Timing is everything with this operation. With the oven preheated to 300-325F and the glass clecoed to the form, the whole thing is placed in the heat. I spent three minutes starring through the oven window, then chickened out.
As luck would have it 3 minutes was about right. Too much and contact forming occurs meaning that the surface picks up marks from whatever it touches. Too little and of course the glass fails to take the desired shape.
I used 732 clear silicone after experimenting with various options.
As it happens I found the metal frame, screwed to the bench, which worked very well for clamping the lower edge.
August 2016The interior panels are cleaned and primed, then the stiffeners and doublers are riveted in place.
Next up, I need to decide on how to do the sliding windows.
While waiting for material for the top cowlings I went back to the doors to make interior panels and window frames.
The left interior panel was salvageable.
In addition to a couple of repair doublers, I added a stiffener to make the panel a bit more knee-proof.
The right panel was toast, and made of 040" soft aluminium anyway so both over and under-kill as it were.
A new panel is fabricated from 025" material.
Again a 'Z' channel is fabricated and added to reduce drumming and provide some additional stiffness.
I used 2024 T3 032" at least in part because it's what I had on hand.
I have not yet decided what do do about the windows.... to slide or not to slide, that is the question.
Given bringing the doors back into acceptable shape continues to be a project in and of itself, I felt they deserved their own section.
At some point the passenger side door had been damaged and "straightened" and I suspect as much damage was done in the straightening as in the original mishap.
Dismantling without damaging the magnesium door handles was tricky
Reinforcing the structure by inserting a doubler. This type of repair was done in several places.
Both doors were repaired/reinforced in the latch area.
Start with a standard 1/8" bit but stop before penetrating the channel. Grind the end off a 1/8 bit and finish the stop hole. This bit will tend to stop cutting once its through the first layer but a little at a time caution gets the desired result.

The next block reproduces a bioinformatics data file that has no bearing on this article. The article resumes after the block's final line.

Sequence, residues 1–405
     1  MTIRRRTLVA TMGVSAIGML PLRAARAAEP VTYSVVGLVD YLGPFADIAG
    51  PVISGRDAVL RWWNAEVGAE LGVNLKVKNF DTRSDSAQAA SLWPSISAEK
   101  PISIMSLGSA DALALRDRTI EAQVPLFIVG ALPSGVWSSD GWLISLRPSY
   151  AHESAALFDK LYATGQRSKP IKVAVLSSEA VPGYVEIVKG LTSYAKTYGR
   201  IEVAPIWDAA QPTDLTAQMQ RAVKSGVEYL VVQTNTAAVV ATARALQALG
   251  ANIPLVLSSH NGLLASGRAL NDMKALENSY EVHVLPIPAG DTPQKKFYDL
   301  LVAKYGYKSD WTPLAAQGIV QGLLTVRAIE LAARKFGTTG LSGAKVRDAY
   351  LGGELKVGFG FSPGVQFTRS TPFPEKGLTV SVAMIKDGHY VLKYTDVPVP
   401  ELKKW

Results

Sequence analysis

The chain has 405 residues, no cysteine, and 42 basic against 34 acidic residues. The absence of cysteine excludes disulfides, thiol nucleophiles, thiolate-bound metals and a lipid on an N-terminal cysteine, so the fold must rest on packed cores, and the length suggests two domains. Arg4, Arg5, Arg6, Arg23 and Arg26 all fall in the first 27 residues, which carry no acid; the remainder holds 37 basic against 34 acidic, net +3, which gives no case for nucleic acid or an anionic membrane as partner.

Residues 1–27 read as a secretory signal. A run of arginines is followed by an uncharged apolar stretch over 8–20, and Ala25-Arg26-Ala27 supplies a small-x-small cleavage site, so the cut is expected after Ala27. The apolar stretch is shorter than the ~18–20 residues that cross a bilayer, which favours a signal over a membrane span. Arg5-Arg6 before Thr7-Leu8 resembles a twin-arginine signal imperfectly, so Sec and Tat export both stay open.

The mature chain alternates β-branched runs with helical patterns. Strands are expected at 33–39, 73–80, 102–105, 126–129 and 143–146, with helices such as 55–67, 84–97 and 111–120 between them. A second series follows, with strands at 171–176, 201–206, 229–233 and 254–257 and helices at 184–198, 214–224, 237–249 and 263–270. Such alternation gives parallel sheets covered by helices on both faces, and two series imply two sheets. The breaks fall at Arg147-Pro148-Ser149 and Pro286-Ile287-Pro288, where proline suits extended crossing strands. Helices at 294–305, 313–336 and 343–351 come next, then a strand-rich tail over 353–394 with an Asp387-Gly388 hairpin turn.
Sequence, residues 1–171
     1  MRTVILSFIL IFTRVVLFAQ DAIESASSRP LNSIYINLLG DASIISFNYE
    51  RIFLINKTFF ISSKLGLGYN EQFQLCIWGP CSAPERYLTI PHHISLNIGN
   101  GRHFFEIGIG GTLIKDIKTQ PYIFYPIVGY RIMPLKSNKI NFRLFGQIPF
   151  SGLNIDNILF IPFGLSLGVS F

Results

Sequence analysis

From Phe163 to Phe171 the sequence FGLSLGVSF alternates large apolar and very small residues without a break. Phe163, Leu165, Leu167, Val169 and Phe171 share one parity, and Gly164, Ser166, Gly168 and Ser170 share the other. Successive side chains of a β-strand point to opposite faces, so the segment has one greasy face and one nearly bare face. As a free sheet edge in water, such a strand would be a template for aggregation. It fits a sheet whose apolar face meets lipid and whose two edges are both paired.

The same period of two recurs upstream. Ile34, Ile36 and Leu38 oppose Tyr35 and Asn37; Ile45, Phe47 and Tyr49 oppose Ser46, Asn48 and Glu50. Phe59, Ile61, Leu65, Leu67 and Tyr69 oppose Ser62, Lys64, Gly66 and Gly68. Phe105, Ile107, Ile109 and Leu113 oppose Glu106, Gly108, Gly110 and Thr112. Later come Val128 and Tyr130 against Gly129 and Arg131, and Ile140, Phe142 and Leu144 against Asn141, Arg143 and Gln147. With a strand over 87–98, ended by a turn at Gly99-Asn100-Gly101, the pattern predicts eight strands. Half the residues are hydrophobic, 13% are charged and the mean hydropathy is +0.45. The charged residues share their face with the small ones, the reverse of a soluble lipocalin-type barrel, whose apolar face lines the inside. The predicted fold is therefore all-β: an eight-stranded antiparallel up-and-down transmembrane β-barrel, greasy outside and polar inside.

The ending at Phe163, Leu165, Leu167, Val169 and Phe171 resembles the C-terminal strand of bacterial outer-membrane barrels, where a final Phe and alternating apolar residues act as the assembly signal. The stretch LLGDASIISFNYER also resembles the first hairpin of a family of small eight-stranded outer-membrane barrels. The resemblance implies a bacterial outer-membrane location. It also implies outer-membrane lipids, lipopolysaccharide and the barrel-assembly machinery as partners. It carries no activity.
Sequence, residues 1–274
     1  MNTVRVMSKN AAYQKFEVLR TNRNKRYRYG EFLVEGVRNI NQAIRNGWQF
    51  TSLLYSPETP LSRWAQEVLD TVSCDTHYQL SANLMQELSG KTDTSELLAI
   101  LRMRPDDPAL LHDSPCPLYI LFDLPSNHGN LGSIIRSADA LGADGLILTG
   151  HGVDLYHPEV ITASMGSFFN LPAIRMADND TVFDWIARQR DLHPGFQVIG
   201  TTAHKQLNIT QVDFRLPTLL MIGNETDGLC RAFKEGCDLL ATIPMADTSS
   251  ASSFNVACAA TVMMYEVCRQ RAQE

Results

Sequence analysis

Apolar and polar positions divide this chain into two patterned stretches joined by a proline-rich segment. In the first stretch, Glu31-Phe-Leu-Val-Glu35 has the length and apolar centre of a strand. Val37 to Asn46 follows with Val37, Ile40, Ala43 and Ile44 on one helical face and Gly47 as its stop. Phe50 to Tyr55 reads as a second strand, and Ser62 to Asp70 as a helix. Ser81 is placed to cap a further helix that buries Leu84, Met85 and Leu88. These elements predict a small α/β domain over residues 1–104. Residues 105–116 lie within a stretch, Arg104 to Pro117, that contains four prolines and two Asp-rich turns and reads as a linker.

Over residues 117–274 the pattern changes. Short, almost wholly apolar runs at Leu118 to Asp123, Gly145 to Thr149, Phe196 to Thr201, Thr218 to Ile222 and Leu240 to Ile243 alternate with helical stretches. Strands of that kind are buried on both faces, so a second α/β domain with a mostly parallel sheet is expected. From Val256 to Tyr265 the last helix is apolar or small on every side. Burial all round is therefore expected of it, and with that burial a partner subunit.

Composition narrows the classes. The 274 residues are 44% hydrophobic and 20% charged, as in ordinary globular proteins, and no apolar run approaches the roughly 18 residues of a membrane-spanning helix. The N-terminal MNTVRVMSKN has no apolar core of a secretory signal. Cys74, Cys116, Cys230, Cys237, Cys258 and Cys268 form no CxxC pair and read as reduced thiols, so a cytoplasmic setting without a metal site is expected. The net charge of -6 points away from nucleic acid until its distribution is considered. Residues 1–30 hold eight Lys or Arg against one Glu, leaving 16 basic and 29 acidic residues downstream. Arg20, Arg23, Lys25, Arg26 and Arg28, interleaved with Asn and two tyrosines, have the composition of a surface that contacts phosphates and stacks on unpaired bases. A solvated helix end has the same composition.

I'm no expert but I have developed a technique that yields satisfying results in what I believe is a reasonable time-frame.
First I buy the cheap rubber gloves, in Canada available from Canadian Tire usually for less than $2. I wear cheap vinyl surgical gloves inside those and put barrier cream on my hands. At the first sign of failure, I change out the gloves. Tried all the so-called chemical resistant gloves and they don't do much better at four times the price.
Next, when I was restoring my 172, I made the pictured scraper from and old laminate counter-top. I guess its formica but the key is the stripper doesn't soften it and it won't damage aluminum. I keep a 45 edge on each end by occasional running a sanding disc over it.
I use Klean Strip I think it's called, available from US hardware stores. Applied with a natural fiber brush. The brush goes hard after but then the stripper softens it up again. My brush is just about completed its second aircraft! Actually so is the paper cup I put the stripper in.
Lay down some paper (some stripper will seep through so make sure you're on a resistant surface or use more paper layers).
Apply lots of stripper and don't be tempted to move it around or work it with the brush.
Use the scraper to remove the lifted paint and move still-wet stripper over areas where the paint is still stuck.
apply a second coat of stripper and repeat the scraping process.
Step three is dabbing more stripper on any still stuck areas.
Finally scrape off all remaining stripper and immediately clean with lacquer thinner. Use scotchbrite with thinner on tough areas of primer around rivet heads etc.
On larger surfaces work in sections about 2 sqft each, you can have two or three sections going at once, each at a different stage but don't try to do too much at once.
Roll up the paper and put it somewhere where it will dry out. After a couple of days all the pain/stripper will be dry and hard and it can be disposed of safely.
Right Door SkinAs mentioned I should have bit the bullet and gone for re-skinning sooner but I think I was spooked by the spot welds. Then I realized I could simply ignore the spot welds.
Door is traced and 2024 T3 is cut for the new skin
Skin is tacked then hung on the door frame to ensure the shape is still good
A few tense moments while the window opening is cut... please don't mess it up now! and rechecked on the door frame.
The left Door was in better shape except for the multitude of holes left by various window mods over the years. The original Tcraft windows slide and the plan is to recreate that so I needed to find a way to plug the holes.
After etching the doubler was bonded in place using proseal. and all my clamps. Door had to be supported to prevent any twist. Gallon of thinner is used for ballast :)
Doors get etched, alodined and epoxy primed.
We don't want floppy door handles so the old tubes are carefully cut out and new ones installed and reamed.
Still to do are the interior panels and window sliders. Wow, a lot more work than I thought. How many times have I said that! Oshkosh 2016 may be not enough time.